This training simulation features at the beginning of the best ever Star Trek film, "The Wrath of Khan", and it would probably have been better to release this game alone under the name of the second film, as it would have had a much bigger audience.

In this game which accurately tries to portray the simulation from the film you try to lead a rescue mission in a Klingon neutral sector of space. You will be confronted with the hard task of surviving this test with your wits and combat ability alone. You are outnumbered and badly armed compared to the Klingons which were probably pretty angry at the time because they suddenly grew strange ridges on their foreheads.

The Neutral sector is depicted as a 3-dimensional map board in three layers, so you can move up, forward and down. At the beginning of the game some unknown counters called readings are placed on the map and the Enterprise somewhere randomly. During the game you try to explore the sector and complete your rescue mission without getting into fights with Klingons, which is of course pretty impossible.

The readings, which are blips on your space radar, move around in a randomized fashion on the main board, once they hit your space they are revealed as what they are, and this is where the fun begins.

The biggest part of the board is a large scale depiction of the Enterprise fully crewed with our heroes, each at their usual position. So you will find Sulu at the helm, Uhura at the communications desk and Spock at the computer. You even have some kind of view screen - this is where the enemy ships appear and move around in a fashion that is determined by a complex Klingon tactics chart.

Once combat begins it becomes very similar to the also excellent solitaire game "Patton's Best", which depicts tank warfare in the Second World War. You try to bring your weapons to bear against an opponent which constantly changes tactics and moves around pretty intelligently. The enemy will fire at your ship as well - if you turn to the right all enemies on the screen will move to the left, and vice versa. You will always have to judge where the opponent most possibly moves and stake your odds while using the best possible weapons. At the same time the Enterprise's shields get more and more damaged, and you should try to avoid showing the weak side to your enemy.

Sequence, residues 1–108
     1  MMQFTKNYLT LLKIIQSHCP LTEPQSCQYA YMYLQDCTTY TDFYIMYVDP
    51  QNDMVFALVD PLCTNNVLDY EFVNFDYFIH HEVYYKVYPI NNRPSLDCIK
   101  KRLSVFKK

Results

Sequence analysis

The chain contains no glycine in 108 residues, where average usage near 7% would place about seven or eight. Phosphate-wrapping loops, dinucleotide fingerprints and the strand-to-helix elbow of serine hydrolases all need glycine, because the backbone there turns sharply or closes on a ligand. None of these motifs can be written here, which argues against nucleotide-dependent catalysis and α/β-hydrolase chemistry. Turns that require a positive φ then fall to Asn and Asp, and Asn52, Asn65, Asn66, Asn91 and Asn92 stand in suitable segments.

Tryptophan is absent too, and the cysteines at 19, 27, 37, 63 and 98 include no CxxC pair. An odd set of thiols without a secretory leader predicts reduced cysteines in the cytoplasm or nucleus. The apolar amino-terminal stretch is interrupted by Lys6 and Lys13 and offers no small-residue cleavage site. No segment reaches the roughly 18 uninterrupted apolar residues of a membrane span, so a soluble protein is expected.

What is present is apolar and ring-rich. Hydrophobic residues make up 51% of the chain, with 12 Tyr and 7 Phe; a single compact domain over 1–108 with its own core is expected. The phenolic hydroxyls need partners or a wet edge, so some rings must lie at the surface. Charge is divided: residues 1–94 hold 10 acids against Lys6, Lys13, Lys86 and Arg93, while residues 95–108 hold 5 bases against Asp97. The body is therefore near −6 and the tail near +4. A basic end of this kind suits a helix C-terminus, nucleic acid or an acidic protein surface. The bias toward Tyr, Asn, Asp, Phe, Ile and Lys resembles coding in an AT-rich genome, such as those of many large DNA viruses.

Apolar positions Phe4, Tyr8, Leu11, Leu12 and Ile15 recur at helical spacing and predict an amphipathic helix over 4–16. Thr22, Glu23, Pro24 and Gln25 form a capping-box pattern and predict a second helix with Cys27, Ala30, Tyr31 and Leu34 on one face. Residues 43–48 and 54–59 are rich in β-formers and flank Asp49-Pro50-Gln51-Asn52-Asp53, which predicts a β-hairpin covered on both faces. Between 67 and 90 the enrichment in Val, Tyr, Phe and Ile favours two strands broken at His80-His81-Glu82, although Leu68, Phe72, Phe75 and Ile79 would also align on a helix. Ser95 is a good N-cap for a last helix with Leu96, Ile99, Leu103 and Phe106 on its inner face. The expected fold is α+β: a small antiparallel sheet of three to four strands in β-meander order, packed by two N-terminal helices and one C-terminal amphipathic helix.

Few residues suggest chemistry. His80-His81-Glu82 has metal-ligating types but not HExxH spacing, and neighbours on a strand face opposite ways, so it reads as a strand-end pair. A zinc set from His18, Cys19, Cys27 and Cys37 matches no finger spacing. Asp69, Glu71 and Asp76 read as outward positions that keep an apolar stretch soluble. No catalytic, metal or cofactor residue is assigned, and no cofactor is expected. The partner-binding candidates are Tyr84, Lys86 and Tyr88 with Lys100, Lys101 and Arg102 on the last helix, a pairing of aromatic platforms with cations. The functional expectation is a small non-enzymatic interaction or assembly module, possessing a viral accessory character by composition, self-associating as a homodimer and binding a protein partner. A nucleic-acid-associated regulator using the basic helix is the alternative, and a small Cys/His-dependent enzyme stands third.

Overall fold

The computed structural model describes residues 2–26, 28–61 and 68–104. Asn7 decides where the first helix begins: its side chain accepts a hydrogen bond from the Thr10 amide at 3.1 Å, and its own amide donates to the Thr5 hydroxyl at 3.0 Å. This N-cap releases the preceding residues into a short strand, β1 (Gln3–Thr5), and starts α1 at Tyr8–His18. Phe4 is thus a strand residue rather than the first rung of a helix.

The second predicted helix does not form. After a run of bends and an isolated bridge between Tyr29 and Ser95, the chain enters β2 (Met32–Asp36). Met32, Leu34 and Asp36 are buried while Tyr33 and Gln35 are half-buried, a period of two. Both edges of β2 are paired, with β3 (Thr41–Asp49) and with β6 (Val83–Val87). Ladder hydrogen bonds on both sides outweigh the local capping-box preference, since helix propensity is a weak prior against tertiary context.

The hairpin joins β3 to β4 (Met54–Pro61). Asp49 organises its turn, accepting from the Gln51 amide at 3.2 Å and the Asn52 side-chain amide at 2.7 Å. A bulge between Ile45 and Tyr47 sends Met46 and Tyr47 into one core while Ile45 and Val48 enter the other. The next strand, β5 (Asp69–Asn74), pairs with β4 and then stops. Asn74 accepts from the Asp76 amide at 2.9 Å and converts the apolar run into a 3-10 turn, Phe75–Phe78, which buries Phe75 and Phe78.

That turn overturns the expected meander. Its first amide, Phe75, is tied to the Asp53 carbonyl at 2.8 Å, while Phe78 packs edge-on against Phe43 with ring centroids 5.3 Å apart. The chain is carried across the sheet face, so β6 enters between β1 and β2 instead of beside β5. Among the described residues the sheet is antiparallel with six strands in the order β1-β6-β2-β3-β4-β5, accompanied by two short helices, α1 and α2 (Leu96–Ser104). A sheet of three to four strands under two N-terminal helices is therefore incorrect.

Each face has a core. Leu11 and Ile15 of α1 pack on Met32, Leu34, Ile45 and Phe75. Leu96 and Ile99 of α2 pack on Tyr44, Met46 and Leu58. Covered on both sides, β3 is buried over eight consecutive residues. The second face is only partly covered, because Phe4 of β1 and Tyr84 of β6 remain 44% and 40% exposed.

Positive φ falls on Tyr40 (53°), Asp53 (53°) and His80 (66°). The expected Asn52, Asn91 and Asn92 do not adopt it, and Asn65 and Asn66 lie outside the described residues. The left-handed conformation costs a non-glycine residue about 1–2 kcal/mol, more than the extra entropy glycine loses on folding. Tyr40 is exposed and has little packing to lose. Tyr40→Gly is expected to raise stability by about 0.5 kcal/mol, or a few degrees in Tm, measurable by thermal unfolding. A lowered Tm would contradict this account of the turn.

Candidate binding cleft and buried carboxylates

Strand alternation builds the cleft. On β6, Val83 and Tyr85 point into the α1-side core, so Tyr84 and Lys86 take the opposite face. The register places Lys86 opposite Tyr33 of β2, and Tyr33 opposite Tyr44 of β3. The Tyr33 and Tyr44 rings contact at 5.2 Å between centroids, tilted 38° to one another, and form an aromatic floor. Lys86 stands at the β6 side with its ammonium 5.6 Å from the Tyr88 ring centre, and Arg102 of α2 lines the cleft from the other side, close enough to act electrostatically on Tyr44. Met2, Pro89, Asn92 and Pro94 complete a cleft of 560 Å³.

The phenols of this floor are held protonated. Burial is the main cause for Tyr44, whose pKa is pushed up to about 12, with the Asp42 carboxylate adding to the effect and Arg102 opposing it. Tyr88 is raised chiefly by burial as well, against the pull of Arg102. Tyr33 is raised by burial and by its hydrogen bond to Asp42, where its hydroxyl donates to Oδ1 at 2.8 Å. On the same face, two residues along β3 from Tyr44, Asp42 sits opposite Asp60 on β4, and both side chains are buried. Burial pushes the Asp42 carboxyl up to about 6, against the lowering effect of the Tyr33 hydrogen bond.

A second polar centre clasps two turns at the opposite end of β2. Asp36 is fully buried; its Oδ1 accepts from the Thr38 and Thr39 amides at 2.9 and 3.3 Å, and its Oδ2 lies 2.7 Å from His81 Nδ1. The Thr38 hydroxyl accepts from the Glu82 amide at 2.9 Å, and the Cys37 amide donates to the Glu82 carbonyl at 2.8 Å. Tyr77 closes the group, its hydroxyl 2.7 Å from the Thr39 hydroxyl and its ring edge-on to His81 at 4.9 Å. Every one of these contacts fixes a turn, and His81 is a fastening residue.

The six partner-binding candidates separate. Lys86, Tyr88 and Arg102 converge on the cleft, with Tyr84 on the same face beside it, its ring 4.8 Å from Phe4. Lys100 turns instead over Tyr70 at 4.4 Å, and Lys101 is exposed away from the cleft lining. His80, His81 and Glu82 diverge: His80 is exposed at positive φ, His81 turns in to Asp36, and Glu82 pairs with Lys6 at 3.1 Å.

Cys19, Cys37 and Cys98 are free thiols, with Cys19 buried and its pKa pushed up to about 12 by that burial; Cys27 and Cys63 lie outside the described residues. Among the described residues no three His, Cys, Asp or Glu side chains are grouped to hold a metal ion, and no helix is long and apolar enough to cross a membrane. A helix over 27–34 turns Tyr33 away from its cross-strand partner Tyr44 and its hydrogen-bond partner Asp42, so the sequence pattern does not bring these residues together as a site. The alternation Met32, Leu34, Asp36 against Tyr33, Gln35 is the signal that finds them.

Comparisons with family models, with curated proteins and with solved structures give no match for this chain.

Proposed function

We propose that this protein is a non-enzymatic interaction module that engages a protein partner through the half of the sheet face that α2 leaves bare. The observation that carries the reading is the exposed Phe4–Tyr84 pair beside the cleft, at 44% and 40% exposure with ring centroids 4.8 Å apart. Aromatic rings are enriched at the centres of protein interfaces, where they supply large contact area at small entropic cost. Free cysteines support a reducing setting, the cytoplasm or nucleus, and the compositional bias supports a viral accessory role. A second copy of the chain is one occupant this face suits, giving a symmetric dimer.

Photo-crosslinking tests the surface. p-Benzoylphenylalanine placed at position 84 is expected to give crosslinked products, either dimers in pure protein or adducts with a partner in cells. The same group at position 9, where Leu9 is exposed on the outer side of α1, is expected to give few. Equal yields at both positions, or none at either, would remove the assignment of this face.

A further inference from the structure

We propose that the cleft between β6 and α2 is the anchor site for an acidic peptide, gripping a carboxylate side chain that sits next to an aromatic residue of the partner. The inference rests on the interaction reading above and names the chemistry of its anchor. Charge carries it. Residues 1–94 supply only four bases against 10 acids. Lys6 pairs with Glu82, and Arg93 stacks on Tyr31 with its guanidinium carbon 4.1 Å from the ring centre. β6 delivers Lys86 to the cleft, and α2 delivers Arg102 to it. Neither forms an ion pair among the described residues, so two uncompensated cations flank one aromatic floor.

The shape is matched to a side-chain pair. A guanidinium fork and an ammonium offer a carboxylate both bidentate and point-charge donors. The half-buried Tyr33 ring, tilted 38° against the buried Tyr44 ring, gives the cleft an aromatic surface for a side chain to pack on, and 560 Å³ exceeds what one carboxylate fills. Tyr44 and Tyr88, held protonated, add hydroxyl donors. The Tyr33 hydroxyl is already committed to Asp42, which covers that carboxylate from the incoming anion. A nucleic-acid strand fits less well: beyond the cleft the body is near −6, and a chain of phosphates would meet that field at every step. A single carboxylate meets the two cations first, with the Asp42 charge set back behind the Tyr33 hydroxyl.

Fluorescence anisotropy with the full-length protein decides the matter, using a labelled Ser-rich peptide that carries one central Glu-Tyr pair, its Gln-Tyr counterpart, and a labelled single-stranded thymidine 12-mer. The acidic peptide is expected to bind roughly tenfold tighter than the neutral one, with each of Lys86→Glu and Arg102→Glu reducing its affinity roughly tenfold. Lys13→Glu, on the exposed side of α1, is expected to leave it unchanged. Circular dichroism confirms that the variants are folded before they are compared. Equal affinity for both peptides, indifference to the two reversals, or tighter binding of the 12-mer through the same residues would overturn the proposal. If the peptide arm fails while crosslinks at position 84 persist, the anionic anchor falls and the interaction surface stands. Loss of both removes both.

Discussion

All in all, this works pretty ingeniously - there are some tables and not too complex mechanics, but they never distract you from actually feeling yourself right in the command chair of the Enterprise. Later computer games have successfully attempted to convey this feeling, but it was never realized as intelligently and elegantly in a boardgame as here.

Once you have your first engagement behind you, you will start to pray not being caught by a Klingon patrol again, but of course it will happen, and like a submarine in World War II you will be confronted with mines and torpedoes and other evil gadgets of the Klingons, as well as space clouds and asteroids.

There are several levels of play which range from fairly easy to absolutely impossible - the latter is the closest to the film Kobayashi Maru test, and it can only be beaten if you fudge your dice. The game doesn't take that long and can be played again and again.

All in all this really is a great game, and if you have any interest in the subject you should give yourself a treat and buy it, it really is a wargamer's science fiction game.

I hope I have wetted your appetite, see you next time when Scott talks Jason into a 24-hour marathon session of Advanced Squad Leader... without reading the rules first... .